The Gaku Ichibu is a rectangular coin from Japan minted in 1599. The first of a 250-year series of rectangular gold ichibu, there's shockingly little information available on the Gaku Ichibu in English. This presentation will chronicle Spurrier's research into the piece with many new insights on the type never before published outside of Japan, as well as corrections to current English references. Plenty of background information will be provided so no prior knowledge of the series is needed. Speaker: Lianna Spurrier.
Numismatic association items are related to collectors, dealers, and authors. Some are parts of groups of items like pinback buttons, numismatist mirrors, Civil War patriotic envelopes, trade cards, and promotional items. Some of the most fun items may be unique. Speaker: Pete Smith.
As the maker of the world's only publicly available AI Coin Grader, Denenberg will talk about how it was done in the past, how it's done now, and ways that could become accessible in the future. Speaker: Jonas Denenberg .
Images of Bust and Liberty Seated coins were selectively displayed on this country's obsolete paper money for much of the 19th century. This presentation first chronicles the presence of Bust coin images on the obsolete notes that circulated from the War of 1812 through the Hard Times Period (1837-1843). It then discusses the emergence of Liberty Seated coin images on scrip notes during the Hard Times period and also highlights their later presence on state bank notes. The final section explores Civil War scrip notes that display Liberty Seated coin images in the context of six New York City printers who produced many of these notes. Speaker: Garrett Ziss .
It's no mystery that people aren't as interested in coin collecting as previous decades; especially the younger generations. A 14-year-old collector recently stated that he was convinced that the younger generations believe coins and coin collecting are just for "old people." This just reinforces the reason why the hobby isn't being expanded to kids and young adults. This presentation will identify what is causing the problem and the solutions along with examples of organizations that are reaching out to the younger collectors. Speaker: Delmar Mineard Jr..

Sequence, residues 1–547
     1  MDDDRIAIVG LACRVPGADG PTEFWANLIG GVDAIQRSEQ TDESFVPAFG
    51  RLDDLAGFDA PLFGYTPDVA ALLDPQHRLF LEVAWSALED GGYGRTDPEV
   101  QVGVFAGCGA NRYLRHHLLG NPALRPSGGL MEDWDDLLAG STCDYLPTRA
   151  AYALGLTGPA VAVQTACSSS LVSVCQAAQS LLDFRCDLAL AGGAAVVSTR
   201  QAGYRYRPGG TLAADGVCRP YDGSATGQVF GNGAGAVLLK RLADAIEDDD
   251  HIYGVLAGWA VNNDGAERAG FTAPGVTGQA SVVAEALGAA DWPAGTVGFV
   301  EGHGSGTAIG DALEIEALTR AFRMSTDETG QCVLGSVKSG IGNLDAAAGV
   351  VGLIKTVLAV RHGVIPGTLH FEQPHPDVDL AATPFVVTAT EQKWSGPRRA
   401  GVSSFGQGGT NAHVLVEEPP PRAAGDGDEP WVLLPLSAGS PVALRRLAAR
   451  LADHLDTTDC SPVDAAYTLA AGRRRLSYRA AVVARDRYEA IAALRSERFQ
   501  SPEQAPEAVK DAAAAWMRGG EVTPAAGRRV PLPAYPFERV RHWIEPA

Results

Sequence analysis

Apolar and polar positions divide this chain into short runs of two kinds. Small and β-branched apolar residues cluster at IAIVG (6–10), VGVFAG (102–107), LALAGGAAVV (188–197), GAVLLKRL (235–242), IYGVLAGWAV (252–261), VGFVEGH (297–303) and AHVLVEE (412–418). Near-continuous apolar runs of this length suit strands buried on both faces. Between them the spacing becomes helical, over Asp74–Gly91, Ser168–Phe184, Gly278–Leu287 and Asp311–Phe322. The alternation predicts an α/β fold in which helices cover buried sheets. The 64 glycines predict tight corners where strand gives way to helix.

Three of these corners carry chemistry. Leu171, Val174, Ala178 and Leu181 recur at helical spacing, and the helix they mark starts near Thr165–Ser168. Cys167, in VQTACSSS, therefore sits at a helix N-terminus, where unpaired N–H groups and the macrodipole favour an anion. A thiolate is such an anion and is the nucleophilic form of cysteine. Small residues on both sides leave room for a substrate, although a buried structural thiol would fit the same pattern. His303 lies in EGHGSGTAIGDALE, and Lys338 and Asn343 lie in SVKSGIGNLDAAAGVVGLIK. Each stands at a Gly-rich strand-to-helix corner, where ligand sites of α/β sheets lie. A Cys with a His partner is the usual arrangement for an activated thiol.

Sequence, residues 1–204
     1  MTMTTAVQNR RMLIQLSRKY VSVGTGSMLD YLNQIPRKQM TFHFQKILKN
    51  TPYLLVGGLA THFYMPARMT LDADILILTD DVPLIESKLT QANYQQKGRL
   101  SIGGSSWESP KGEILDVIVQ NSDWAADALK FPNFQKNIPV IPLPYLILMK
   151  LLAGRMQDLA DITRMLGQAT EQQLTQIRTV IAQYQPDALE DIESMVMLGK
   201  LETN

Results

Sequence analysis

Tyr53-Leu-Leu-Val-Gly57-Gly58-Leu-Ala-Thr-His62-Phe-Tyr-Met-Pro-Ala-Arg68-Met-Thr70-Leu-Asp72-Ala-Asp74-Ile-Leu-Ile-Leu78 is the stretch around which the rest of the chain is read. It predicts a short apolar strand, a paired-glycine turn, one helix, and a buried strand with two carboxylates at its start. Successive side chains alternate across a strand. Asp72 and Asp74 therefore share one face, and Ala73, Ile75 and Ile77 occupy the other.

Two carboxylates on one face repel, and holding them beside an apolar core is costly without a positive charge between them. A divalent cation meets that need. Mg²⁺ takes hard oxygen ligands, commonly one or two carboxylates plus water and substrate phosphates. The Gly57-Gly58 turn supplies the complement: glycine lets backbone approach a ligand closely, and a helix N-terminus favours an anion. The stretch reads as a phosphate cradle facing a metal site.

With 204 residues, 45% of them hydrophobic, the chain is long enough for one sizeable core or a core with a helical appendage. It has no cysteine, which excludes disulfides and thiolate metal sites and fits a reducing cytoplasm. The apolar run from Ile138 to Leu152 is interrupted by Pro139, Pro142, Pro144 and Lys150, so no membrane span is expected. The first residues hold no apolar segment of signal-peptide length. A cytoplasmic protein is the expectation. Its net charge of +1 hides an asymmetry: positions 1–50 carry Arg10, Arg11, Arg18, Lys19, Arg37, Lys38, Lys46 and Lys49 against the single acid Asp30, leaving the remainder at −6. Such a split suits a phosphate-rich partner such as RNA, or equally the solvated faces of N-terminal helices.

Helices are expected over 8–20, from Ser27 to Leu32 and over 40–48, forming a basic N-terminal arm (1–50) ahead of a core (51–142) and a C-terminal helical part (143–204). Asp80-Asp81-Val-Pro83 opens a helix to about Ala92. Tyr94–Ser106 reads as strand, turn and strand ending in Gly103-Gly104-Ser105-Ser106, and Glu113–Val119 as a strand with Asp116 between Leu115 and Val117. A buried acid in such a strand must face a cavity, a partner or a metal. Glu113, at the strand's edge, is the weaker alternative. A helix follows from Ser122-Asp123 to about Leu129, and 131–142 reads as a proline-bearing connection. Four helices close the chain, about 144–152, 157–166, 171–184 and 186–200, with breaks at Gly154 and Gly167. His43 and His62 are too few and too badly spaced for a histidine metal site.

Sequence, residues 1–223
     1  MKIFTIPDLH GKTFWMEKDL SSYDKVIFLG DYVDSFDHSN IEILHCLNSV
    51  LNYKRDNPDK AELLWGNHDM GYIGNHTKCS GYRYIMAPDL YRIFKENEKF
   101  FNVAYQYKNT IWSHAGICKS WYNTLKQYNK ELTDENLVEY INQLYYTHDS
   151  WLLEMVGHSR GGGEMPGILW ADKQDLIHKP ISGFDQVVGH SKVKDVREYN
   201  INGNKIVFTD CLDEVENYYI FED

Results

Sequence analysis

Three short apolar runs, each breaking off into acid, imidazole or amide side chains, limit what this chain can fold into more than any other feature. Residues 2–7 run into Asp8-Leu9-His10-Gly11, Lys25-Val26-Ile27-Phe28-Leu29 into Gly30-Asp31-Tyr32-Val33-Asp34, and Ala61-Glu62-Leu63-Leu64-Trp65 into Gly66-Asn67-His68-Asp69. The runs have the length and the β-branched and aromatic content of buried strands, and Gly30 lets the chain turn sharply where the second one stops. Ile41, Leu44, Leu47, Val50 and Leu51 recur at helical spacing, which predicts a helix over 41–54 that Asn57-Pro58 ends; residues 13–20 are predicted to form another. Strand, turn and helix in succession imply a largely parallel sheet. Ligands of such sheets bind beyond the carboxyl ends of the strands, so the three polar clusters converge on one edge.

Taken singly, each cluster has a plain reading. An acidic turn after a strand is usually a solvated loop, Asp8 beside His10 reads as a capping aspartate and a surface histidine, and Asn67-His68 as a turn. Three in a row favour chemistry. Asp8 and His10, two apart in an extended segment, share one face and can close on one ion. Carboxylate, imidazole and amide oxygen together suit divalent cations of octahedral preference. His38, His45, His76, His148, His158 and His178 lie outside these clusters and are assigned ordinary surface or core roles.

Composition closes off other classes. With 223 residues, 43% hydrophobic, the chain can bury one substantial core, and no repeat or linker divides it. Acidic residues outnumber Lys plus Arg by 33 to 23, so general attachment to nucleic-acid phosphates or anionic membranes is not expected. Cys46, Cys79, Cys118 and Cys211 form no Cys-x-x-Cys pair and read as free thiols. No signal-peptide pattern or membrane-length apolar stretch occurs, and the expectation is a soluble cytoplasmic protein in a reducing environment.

With increasing digitization, recent shifts in the hobby, and a wide variety of new books and magazines being published, it can be difficult to identify what you should include in your numismatic library today. This presentation will guide you through the process of building a strong, useful library in 2021 that will supplement your collection and remain an essential resource for years to come. Speaker: Kellen Hoard .
This presentation will be a good introduction for anyone interested in buying in today's auction landscape. You will learn from start to finish how best to find the most current auctions, research coins of interest, familiarize yourself with all the major (and minor) auction houses, understand cultural property restrictions and how it might impact your purchase, using auction representation, and finally getting your purchase delivered safely and securely. There is more than meets the eye when deciding to bid in an auction. Join Shanna Schmidt to learn more about this important component of collecting. Speaker: Shanna Schmidt.
Attend to learn about the United States first authorized coin used in commerce. We will explore the origins, the corruption, history, beauty, and market of these fascinating coins. The US government's experience with the Fugio copper helped make the case for the US mint. Speaker: Pierre Fricke.
American historical medals can be an overwhelming field, with dozens of references and hundreds of possible specializations. How can a collector meaningfully wrap their arms around it and gather a group of medals that adds up to more than the sum of their parts? Speaker: John Kraljevich.